There were no significant differences in cervical length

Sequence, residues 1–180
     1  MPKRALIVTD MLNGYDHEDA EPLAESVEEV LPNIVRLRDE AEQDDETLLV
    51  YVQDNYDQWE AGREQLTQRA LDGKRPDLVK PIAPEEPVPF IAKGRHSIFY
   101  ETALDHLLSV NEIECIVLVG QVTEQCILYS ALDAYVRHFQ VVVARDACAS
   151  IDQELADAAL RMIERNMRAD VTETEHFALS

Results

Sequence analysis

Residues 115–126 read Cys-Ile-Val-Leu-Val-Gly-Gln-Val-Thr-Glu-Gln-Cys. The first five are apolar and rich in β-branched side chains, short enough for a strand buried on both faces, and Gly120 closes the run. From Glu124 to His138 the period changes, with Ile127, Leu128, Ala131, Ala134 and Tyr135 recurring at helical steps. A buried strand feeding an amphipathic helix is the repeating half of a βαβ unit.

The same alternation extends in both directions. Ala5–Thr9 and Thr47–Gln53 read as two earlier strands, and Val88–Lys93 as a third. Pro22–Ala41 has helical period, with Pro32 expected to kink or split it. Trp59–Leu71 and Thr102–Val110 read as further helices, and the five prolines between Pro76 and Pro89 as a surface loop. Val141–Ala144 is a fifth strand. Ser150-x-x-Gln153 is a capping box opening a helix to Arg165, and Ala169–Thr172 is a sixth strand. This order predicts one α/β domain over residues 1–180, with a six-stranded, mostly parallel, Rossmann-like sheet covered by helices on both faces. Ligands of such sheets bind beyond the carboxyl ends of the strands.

There were no significant differences in cervical length (Fig. 2) among the three groups at 17–21 wk of brompheniramine maleate (p = 0.46); there also was no difference in cervical length between the spontaneous preterm and full-term birth groups (p = 0.39). Cervical length at 17–21 wk was not correlated with gestational age at delivery (r = 0.06, p = 0.66). With respect to cervical length at 22–26 wk of gestation (full term n = 49 and spontaneous preterm n = 8), women who delivered preterm had significantly shorter cervical lengths (3.16 cm) than women delivering full term (3.68 cm) (t = 3.04, p = 0.004). None of the women in the study had cervical lengths <2.5 cm before 27 wk, a common definition of a “short cervix” (Romero et al. 2013). These findings suggest that cervical tissue properties, as detected by attenuation, are sensitive to remodeling by 17–21 wk in women who will deliver spontaneously preterm, and before cervical shortening. The data were filtered to extract all measurements for each patient in the range 17–26 wk of gestation (full term n = 49 patients with 76 visits, spontaneous preterm n = 10 patients with 14 visits, range: 17–26 wk of gestation). A logistic regression model with exchangeable correlation structure was calculated to model the log odds of preterm birth as a function of scan attenuation, cervical length, an indicator for measurements prior to 22 wk and the interaction between attenuation and the indicators for measurements prior to 22 wk. The indicator for measurements prior to 22 wk and the interaction effect enabled estimation of separate logistic regression response curves for attenuation prior to 22 wk versus after 22 wk. The attenuation interaction coefficient was approaching statistical significance (p = 0.053), with an estimated ratio of odds ratios of 1.89 (90% confidence interval: 1.10–3.25), suggesting an association between low early attenuation measurements and preterm birth. Cervical length was not statistically significant in the model, but suggestive of an association between short cervical length and preterm birth (p = 0.12), with an estimated odds ratio of 1.75 (90% confidence interval: 0.975–3.14). Using the logistic regression model as a classifier for full-term versus preterm birth, the ROC curve is provided in Figure 3. The estimated 76.0% area under the curve (AUC) is the estimated probability of correctly classifying two randomly selected patients, one of whom delivers preterm and the other who does not, suggesting some predictive capability based on the measurements ≤26 wk. Fifteen women received weekly 17-α hydroxyprogesterone caproate (17-OHPC) injections during pregnancy because of a history of a prior preterm birth. No women in the study received vaginal progesterone. The mean gestational age was 16 wk when 17-OHPC was initiated. Of the 15 women with a history of preterm birth, 6 delivered preterm. To further understand attenuation and cervical length for women who were and were not treated without 17-OHPC, Figure 4 illustrates delivery outcomes for those who did and those who did not received 17-OHPC. However, the sample sizes were too small to yield any conclusions.